Skip ahead with me ten years. The village chieftain has just returned from a trip to the site of their old village. There he has found green grass and nutritious vegetation. He asks the villagers to join him in a grand return where they can give up their reliance on the flesh of the shells.
Unfortunately, many of the villagers have forgotten the taste of good food and are now proud of their new diet. In fact there is a faction that is preparing to take a shipment of shells inland to another tribe in hopes of trading for animal skins for clothing. They pressure the chieftain into leading the trading party.
Upon arrival at the tribe’s village, they make an offer of the flesh of the shells in exchange for cow and deer hides. The local chieftain steps forward to view the offering. He pries open a shell to look inside. With his discovery he assumes that the traders have come to poison his people in hopes of taking possession of their herds and gardens. He orders the entire trading party killed.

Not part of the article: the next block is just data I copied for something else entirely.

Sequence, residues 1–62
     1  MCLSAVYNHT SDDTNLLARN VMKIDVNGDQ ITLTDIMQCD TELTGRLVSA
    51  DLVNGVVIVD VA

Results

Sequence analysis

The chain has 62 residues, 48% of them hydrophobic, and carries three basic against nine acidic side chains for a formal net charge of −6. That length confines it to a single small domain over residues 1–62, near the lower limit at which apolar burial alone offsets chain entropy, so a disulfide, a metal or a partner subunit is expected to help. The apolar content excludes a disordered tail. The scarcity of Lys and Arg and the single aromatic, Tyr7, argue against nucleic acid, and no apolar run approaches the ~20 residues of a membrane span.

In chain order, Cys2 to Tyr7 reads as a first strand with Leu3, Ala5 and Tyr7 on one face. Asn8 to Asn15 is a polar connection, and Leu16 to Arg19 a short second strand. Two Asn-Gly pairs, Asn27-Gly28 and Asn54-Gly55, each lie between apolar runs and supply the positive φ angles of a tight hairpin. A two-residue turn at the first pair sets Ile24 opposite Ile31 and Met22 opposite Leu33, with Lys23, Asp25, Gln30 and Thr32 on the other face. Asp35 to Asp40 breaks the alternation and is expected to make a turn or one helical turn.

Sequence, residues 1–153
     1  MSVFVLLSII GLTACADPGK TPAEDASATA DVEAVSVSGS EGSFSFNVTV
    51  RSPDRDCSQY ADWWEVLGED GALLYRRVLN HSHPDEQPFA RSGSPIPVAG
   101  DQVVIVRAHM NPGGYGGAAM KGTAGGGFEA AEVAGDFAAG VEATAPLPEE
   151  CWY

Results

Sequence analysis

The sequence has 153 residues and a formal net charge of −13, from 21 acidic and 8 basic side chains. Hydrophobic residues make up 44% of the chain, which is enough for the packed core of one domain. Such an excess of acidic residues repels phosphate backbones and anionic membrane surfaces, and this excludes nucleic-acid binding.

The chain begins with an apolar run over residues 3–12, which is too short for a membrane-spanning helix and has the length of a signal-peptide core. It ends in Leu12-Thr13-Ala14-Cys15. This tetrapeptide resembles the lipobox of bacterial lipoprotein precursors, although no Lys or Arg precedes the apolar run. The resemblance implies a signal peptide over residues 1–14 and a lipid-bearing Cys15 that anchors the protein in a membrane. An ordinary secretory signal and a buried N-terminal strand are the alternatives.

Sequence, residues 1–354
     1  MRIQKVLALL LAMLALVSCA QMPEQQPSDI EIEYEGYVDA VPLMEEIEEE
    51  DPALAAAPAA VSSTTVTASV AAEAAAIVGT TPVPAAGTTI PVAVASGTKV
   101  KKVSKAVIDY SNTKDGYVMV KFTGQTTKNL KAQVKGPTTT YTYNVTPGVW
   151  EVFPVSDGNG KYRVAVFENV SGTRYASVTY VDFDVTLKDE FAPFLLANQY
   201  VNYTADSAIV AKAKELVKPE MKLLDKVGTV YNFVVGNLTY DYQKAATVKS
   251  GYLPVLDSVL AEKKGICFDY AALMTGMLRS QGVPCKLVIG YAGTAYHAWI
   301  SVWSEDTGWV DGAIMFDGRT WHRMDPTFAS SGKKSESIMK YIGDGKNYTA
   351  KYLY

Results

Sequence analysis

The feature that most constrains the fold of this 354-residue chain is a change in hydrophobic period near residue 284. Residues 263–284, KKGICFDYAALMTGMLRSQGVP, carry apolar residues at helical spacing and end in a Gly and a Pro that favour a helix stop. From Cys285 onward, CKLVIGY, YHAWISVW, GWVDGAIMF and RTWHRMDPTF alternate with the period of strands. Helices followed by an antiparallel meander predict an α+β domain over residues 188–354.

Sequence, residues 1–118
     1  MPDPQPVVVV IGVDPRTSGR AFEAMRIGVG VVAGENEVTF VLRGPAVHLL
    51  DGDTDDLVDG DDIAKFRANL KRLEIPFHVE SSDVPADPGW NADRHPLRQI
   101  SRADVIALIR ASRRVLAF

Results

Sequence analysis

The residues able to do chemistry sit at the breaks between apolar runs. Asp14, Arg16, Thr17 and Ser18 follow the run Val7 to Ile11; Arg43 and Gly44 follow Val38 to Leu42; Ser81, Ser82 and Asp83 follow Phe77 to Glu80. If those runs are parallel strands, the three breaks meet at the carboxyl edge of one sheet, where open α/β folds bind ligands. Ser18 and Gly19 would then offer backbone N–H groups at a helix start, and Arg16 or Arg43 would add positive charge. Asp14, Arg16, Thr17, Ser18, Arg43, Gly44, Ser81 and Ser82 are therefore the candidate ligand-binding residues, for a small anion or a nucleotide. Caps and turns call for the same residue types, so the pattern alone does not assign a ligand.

While I don’t have proof that this is what happened, I’m sure it’s not far off from the truth. Why else would someone eat something like seaweed, unless you were starving?
I am okay with eating such things when you are starving, but once you’re not starving, once the famine is over, please go back to normal foods. Don’t try to convince others or me that such foods are normal. They’re not. Bugs and insects should be saved as a last resort.
(If I had time, I would discuss the consequences of losing the knowledge and ability to make fire. Raw fish! Really? If you were dumb enough to lose the secret of fire, you should have been smart enough at least to pick it up again when someone else showed you.)